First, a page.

“This evening I was seized … quite unexpectedly with a burning inspiration…On this occasion I could not overcome my desire and afterwards became… carried away” ~ Pyotr Ilyich Tchaikovsky, on composing his Violin Concerto in D major.
I’m in luck, first row center
settling my glamorous wrap as
my wide-eyed measure’s taken
by my neighbor, an adorable three-year-old
Suzuki prodigy, solemn and thrumming
with admonitions and pure joy.
He salutes each new voice
“Viola!” and now “Flute!”
in tones one might reserve for
the discovery of a new galaxy.
I am enchanted by my refreshing
tour guide and his anxious parents relax
as I lean to confer after he announces
each necessary ingredient. We rise
with the musicians — so close we could touch
the conductor and the young hip violinist
striding onto the stage in a burst of glory.
The first movement grabs us and we are flying
only remembering to breathe in the brief
silence before we are gently
lured back into the second. Stroked
by all of these dedicated, hidden
hands: the craftsmen who made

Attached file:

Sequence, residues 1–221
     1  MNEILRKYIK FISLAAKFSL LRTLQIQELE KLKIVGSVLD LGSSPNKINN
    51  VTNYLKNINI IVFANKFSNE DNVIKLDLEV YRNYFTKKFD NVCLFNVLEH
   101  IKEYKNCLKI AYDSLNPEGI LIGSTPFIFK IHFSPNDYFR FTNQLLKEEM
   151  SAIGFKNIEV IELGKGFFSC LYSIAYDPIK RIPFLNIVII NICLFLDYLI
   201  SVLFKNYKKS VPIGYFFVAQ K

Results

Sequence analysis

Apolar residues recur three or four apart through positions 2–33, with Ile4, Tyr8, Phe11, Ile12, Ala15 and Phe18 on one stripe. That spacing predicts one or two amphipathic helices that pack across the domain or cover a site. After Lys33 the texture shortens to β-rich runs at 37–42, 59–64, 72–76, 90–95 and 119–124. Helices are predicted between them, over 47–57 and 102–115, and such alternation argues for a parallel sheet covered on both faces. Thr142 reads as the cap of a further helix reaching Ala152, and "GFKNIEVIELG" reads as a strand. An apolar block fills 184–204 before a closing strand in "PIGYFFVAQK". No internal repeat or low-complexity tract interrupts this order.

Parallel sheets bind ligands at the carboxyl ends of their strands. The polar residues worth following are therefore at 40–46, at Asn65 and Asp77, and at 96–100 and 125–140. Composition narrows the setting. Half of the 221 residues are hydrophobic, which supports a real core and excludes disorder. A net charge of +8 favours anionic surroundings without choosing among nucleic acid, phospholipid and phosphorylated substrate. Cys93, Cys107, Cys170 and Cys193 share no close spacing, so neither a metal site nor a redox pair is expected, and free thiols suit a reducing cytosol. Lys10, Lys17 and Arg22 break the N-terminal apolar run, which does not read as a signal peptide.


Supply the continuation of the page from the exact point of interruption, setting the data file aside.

these instruments of our delight,
the children in the long and lonely hours
of initiation before this group can claim them.
Singly working toward this moment
when this eager child leads me to magic
a new perception
the layers of coherence revealed, as
taking my important place, I offer
my ears: the necessary
opening to our conjoined hearts.
Since Tchaikovsky was not a violinist, he sought the advice of Iosif Kotek (almost certainly his lover) on the completion of the solo part. “How lovingly he’s busying himself with my concerto!” Tchaikovsky wrote to his brother Anatoly on the day he completed the new slow movement. “It goes without saying that I would have been able to do nothing without him. He plays it marvelously.” Tchaikovsky didn’t dare reveal his homosexuality, fearing it would ruin his chances for his work to be performed, and so there is yet another hidden, necessary ingredient in this breathtaking work. And all hail to Nadezhda von Meck, who financially supported him for 13 years.
Here’s David Jarrett playing Tchaikovsky’s Violin Concerto in D major op 35, if you have 38 minutes. (Linger for four minutes of applause to settle your heart and enjoy the surprise solo in the final three minutes.)